The PCs have developed two papers on health care policy, one dated September 2012 and another (which “builds on that foundation”) dated February 2013.  Here are some key excerpts, with some commentary, starting with the 2012 paper, “Patient CentredHealth Care”. Terminate the LHINs and CCACs and turn their powers over to 30-40 “hospital hubs”:  “Build off of the existing high performing health infrastructure in 30 to 40 Ontario hospitals to create health hubs. Hubs will organize, plan and commission services for the patients in their respective regions.”  “The health hub is a simple concept. Hubs (Read more…)

Defending Public Healthcare: The lowdown on the PC plan for the public sector

Below are excerpts from the Progressive Conservative policy paper, “A New Deal for the Public Sector”.  It contains some very radical ideas that go far beyond even what former PC premier Mike Harris implemented.   Cut public spending: “To balance the budget, government spending must be cut. Just slowing the rate at which spending increases will leave a balanced  budget as a distant hope, not a real goal. Ontario does not have the luxury of time to address the problem.” Comment: Even the Mike Harris PC government increased public sector spending in its first term (by their (Read more…) . . . → Read More: Defending Public Healthcare: The lowdown on the PC plan for the public sector

Illuminated By Street Lamps: Supervised Injection In Toronto: Why The Discussion Has Screeched To A Halt

By Joe Fantauzzi @jjfantauzzi

Drug use is a multifaceted issue in urban life. Addiction can take an enormous toll on individuals and can leave the municipalities in which those people live struggling to adequately service their needs as well as the needs of the community. Supervised injection facilities, in which users consume drugs in a safe, clean space aided by sterile equipment and attendant medical professionals, have emerged as a new field of Canadian urban policy. I contend that despite medical evidence and the recommendations of medical professionals across Canada who advocate supervised injection as a harm-reducing approach to drug (Read more…)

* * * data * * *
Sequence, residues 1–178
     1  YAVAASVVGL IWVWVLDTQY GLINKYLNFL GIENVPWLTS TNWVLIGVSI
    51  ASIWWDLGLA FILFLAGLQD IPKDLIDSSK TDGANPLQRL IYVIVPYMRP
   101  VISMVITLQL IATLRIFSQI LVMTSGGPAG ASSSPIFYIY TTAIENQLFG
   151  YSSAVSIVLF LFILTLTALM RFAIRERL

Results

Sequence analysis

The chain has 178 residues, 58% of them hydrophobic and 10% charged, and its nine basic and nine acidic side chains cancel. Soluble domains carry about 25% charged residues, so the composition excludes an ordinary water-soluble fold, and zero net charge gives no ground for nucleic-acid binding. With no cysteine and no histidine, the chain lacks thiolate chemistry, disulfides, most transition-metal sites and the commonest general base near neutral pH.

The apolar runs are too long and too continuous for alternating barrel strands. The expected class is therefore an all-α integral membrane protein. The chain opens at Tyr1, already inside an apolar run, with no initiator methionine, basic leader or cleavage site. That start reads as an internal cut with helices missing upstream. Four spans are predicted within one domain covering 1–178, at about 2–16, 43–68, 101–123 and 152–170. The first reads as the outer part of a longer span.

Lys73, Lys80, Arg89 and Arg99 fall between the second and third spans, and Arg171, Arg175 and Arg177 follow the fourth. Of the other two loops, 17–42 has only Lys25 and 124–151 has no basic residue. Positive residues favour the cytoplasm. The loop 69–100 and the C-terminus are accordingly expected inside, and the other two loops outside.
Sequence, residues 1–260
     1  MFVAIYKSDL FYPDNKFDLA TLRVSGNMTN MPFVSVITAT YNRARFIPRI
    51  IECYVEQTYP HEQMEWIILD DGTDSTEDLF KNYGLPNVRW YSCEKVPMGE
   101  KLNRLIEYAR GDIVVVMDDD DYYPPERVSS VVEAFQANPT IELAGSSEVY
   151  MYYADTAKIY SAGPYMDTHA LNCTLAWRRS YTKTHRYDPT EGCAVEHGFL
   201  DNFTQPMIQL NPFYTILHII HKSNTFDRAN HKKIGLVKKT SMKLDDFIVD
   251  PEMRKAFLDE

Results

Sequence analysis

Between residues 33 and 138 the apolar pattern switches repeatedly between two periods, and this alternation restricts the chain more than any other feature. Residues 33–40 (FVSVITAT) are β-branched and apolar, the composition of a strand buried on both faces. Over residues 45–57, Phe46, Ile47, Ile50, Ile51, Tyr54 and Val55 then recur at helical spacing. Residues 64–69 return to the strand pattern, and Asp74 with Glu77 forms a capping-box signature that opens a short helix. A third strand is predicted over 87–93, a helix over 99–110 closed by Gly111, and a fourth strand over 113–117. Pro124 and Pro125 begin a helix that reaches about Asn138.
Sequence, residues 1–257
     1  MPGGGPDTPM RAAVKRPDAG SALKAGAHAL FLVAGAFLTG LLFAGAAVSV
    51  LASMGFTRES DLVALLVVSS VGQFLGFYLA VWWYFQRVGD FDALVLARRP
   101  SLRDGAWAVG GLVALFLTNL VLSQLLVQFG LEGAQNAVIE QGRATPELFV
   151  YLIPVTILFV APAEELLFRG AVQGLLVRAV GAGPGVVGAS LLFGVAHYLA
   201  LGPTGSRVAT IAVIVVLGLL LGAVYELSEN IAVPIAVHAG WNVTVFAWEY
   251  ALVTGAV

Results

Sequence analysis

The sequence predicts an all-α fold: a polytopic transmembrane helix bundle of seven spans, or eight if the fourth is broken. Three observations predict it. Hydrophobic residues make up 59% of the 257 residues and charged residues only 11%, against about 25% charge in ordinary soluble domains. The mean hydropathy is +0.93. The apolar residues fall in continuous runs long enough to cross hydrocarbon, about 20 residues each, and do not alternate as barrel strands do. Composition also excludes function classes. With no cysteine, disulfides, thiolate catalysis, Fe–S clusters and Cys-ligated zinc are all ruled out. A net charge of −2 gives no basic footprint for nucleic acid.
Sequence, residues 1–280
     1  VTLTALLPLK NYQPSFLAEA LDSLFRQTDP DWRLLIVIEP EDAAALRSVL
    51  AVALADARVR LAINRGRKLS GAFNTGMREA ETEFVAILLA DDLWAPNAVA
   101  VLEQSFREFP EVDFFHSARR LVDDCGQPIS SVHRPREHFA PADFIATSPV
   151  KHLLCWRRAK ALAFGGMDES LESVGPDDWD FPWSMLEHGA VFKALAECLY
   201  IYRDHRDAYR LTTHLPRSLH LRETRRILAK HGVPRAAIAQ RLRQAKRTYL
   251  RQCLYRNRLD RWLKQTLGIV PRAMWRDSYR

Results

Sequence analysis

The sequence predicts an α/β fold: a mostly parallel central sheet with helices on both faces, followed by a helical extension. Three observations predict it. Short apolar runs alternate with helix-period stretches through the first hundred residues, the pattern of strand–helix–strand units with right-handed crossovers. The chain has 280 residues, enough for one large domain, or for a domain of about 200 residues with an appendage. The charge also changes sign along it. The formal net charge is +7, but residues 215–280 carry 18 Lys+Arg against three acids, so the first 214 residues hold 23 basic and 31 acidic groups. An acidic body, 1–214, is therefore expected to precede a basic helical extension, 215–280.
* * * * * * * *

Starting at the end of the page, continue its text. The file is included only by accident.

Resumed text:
Illuminated By Street Lamps: Temporary Foreign Workers: What Canada Must Do To Protect A Vulnerable Labour Class

By Joe Fantauzzi @jjfantauzziKey Findings and Recommendations:- Between 2003 and 2012, the number of temporary foreign workers admitted to Canada jumped from 102,932 to 213,573 — a difference of 107.5%.- Inquests are mandatory in Ontario when an on-the-job accident kills a worker employed at “a construction project, mining plant or mine, including a pit or quarry”[19] — but not in the course of agricultural work.- Effective collective bargaining must be extended to migrant workers by Parliament.- Public health benefits must be extended to workers injured in the course of their work even after (Read more…) . . . → Read More: Illuminated By Street Lamps: Temporary Foreign Workers: What Canada Must Do To Protect A Vulnerable Labour Class

Defending Public Healthcare: How Ontario public sector health care funding lags behind

The Ontario public sector spends less than almost all other provinces on health care.  And it’s falling further behind.  Over the most recent four years per capita spending increased 9.7% across Canada, but only 5.2% in Ontario.  With this, the Ontario public sector spends less per person than any other province except Quebec. Ontario public sector spending equaled $3,952 per person in 2013, but the all-Canada average was 6.3% (or $248) higher, at $4,200 per person, according to a new report from the Canadian Institute for Health Information (CIHI). Heading for the bottom: Quebec, (Read more…)